Getting out of the gap
While you’re in the coverage gap, the difference in cost between what you pay for brand name drugs (25%) what your plan pays, and what the manufacturer discount on the drug is during this time, is applied toward your annual out of pocket costs. This helps to move you through the gap. If you take generics, the formula works a little differently. You’ll still pay no more than 25% of the cost of any drug, but only the amount you pay (not the price difference) counts towards overall out of pocket spending.
After you spend $7,400 on prescription costs, you enter the Catastrophic Coverage period. At that point, your cost drops to 5% of any drug, or a small copay, depending on which is greater. The copays for prescriptions in the catastrophic coverage level change also each year, so it’s something to be aware of, especially if you take expensive medications.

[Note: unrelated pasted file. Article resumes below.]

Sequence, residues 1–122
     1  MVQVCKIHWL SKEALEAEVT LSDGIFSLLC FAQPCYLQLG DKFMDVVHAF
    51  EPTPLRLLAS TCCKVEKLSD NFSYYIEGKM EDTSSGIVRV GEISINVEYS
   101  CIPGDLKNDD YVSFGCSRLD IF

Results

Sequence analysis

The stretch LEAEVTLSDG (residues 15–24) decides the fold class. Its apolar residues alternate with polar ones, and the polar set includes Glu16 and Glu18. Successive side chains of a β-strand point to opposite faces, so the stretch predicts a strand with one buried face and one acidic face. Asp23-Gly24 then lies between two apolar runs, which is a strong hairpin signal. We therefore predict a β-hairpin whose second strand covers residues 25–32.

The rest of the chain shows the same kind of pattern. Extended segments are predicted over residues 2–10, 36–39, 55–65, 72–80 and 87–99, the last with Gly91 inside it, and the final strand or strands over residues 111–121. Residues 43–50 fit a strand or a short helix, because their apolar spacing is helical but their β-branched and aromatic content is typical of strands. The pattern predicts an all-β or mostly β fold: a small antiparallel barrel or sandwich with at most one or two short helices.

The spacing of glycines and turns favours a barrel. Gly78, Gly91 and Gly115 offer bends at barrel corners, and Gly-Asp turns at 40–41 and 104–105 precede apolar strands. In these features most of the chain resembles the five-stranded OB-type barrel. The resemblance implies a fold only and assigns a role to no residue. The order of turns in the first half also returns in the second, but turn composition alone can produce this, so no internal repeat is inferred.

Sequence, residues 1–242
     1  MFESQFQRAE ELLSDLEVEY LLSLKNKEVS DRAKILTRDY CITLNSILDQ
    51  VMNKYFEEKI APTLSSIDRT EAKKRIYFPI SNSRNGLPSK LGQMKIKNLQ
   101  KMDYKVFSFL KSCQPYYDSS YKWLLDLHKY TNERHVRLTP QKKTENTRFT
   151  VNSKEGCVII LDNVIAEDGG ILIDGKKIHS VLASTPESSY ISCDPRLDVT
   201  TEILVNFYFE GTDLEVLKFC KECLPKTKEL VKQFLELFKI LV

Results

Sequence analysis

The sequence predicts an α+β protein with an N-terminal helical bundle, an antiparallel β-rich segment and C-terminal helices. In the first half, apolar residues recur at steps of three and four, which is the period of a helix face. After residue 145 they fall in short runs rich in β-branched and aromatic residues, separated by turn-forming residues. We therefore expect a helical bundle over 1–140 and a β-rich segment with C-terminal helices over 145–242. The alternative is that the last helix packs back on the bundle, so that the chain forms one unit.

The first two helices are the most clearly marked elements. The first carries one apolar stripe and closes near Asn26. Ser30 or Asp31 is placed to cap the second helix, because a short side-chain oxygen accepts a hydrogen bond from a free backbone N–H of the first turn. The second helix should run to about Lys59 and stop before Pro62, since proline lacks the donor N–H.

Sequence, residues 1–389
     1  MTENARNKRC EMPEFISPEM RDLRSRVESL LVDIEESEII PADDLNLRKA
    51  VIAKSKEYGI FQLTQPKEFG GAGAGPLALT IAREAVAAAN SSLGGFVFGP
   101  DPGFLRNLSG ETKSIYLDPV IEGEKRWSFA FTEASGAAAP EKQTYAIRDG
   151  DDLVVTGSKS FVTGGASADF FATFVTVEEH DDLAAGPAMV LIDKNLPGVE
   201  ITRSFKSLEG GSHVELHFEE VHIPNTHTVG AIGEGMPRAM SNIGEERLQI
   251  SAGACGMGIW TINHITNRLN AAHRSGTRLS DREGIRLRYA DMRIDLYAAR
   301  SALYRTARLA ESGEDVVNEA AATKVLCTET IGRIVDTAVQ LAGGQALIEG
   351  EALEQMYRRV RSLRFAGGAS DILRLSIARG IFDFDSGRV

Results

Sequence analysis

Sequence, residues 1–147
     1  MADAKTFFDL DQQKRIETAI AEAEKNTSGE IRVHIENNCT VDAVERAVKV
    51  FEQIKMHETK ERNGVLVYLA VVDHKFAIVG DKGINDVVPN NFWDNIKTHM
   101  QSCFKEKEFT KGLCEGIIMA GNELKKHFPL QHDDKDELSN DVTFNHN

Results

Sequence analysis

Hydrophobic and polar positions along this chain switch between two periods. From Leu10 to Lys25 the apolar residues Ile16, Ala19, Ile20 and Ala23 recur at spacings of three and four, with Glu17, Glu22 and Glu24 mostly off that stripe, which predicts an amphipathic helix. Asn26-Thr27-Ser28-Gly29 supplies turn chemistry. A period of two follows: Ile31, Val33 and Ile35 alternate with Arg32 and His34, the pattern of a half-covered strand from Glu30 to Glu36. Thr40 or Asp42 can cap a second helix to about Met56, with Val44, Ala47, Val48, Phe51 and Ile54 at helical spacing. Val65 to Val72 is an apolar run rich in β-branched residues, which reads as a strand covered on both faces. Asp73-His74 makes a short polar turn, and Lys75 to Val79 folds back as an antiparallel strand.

“The portion you pay while in the coverage gap can quickly add up if you’re on expensive medications, that cost thousands of dollars a month,” says Norris, “One of the biggest problems we see with people on Part D is inertia.”
Formularies change, drug prices change, and your own prescriptions may change over the course of the year, but most people don’t take advantage of the open enrollment period to do a coverage checkup, including comparing costs at different pharmacies, and they don’t change drug plans, even if it could benefit them financially, Norris says.
However, there’s some good news: starting in 2024, provisions in the Inflation Reduction Act eliminate the 5% beneficiary coinsurance and copay requirements at the catastrophic coverage threshold. This effectively caps your out of pocket drug costs at approximately $3,250 for that year, according to the Kaiser Family Foundation.
The law, which was signed by President Biden in 2022, has other important provisions to help control Medicare Part D costs. It:
- caps the price of insulin at $35 per month
- limits annual increases in Part D premiums through 2030
- expands eligibility for Medicare Part D Low-Income Subsidy full benefits to 150% of the Federal Poverty Level